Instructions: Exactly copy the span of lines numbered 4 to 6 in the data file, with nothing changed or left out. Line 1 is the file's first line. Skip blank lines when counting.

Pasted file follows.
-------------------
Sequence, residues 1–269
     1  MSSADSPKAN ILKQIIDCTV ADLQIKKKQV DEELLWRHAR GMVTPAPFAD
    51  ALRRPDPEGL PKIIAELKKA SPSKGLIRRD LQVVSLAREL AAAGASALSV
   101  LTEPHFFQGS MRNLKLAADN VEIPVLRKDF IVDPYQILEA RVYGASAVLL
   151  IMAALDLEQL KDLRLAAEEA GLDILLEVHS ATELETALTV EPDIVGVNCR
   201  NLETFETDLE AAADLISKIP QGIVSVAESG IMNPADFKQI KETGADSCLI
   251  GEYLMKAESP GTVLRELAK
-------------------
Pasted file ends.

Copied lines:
   101  LTEPHFFQGS MRNLKLAADN VEIPVLRKDF IVDPYQILEA RVYGASAVLL
   151  IMAALDLEQL KDLRLAAEEA GLDILLEVHS ATELETALTV EPDIVGVNCR
   201  NLETFETDLE AAADLISKIP QGIVSVAESG IMNPADFKQI KETGADSCLI